Yukon's COVID-19 cluster a 'landmark event,' chief medical officer of health says

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WHITEHORSE — Yukon's chief medical officer of health says a cluster of five COVID-19 cases in Watson Lake is a landmark event.

Dr. Brendan Hanley says the cluster is the first to occur outside of the territory's capital and the source of the virus may never be known.

He says the cases are a reminder that the territory is not impervious to COVID-19.

The cluster occurred in two family groups in the same circle of transmission, and contact tracing has not turned up any further cases.

Premier Sandy Silver says the cluster and subsequent investigation is a good reminder that it's important for people to not let their guard down.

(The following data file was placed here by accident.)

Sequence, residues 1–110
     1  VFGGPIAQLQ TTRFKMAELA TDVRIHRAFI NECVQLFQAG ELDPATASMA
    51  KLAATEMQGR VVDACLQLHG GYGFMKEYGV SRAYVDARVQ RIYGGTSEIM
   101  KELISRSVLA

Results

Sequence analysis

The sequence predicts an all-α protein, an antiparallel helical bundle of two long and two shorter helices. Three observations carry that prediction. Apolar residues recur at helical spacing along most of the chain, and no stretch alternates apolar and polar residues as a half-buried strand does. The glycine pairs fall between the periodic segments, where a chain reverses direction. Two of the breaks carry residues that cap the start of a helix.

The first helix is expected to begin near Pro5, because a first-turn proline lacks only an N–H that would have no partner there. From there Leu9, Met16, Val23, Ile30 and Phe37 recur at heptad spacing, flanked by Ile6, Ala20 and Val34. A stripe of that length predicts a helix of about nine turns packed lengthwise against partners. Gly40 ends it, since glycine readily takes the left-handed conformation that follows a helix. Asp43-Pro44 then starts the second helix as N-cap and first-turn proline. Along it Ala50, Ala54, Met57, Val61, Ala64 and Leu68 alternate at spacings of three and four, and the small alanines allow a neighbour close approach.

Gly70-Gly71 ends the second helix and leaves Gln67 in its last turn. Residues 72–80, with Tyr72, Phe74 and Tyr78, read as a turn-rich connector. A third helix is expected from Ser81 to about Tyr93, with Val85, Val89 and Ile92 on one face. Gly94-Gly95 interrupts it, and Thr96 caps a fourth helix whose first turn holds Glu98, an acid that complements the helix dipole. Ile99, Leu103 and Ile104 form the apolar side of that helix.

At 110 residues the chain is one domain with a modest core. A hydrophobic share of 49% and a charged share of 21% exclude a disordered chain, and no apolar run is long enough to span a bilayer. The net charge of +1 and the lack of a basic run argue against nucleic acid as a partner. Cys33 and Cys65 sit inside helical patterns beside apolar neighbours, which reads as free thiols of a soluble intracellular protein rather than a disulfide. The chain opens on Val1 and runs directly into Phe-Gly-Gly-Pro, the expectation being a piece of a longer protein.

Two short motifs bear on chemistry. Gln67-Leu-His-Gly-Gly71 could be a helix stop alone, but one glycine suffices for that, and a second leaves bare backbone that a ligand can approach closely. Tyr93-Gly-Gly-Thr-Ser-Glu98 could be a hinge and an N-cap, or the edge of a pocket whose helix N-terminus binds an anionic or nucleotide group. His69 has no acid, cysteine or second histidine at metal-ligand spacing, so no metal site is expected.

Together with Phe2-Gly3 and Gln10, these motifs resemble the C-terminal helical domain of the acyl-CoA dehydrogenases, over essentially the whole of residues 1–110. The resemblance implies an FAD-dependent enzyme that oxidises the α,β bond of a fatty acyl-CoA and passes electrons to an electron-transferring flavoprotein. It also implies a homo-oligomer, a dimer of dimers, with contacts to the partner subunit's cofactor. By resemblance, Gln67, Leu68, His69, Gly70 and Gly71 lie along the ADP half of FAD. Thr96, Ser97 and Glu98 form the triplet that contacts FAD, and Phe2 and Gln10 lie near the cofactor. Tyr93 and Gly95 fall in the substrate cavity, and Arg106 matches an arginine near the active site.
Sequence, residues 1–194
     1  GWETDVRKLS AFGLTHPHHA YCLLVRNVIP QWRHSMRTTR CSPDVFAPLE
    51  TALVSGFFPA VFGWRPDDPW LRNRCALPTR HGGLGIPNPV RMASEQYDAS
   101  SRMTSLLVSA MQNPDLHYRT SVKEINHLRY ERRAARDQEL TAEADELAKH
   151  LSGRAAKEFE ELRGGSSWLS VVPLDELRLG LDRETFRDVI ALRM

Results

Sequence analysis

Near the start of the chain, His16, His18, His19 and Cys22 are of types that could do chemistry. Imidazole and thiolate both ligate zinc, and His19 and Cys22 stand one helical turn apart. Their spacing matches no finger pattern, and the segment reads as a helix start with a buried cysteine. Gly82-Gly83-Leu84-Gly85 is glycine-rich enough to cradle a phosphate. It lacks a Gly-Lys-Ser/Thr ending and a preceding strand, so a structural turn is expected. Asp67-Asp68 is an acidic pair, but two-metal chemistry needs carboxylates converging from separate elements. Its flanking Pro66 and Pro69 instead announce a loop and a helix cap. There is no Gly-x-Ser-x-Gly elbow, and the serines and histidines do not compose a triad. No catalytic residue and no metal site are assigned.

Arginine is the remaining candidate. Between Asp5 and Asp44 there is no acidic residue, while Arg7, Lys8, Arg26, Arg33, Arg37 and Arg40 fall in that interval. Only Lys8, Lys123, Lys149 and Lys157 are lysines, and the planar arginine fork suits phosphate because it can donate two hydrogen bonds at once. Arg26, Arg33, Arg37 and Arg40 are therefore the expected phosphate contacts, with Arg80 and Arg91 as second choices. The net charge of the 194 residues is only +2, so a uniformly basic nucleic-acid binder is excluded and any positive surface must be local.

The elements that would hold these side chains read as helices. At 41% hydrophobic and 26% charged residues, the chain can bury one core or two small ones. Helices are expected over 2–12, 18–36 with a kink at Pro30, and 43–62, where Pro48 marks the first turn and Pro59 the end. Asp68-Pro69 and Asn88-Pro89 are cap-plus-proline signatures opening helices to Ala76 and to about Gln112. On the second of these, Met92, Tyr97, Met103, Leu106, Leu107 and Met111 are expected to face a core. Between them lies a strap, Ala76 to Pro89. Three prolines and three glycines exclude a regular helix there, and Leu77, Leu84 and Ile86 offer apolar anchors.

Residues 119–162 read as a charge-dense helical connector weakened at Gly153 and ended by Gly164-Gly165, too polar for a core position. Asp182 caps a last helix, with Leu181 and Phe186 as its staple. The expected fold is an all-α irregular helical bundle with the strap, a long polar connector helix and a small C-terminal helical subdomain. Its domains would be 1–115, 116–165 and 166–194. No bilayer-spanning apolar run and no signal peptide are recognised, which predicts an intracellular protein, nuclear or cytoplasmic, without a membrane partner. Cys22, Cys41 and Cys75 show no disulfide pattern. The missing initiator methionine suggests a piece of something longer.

Hanley says residents should avoid indoor Halloween parties this weekend, with potential gatherings of over 10 people limited to outdoor spaces.

"I'm not trying to make life more difficult for people, in fact it's the opposite. I'm trying to help us get through this pandemic with as little damage as possible," Hanley says. 

Hanley also defended the time it took to notify residents about the exposure.

The cases were reported Oct. 22, with the government holding a news conference a day later to announce the cases.

Hanley says for officials to turn around the health data related to the cases in less than 24 hours is "pretty good."

"There's always going to be a lag when we actually learn the results," he said. "We do not carry out contact tracing overnight or during the night ... that begins first thing in the morning."

The government also announced a new charge of failing to self-isolate against a person, bringing the total number of charges issued in the territory during the pandemic to 20.

Yukon has had 22 cases of COVID-19, with 17 of those having recovered.

This report by The Canadian Press was first published Oct. 28, 2020.

The Canadian Press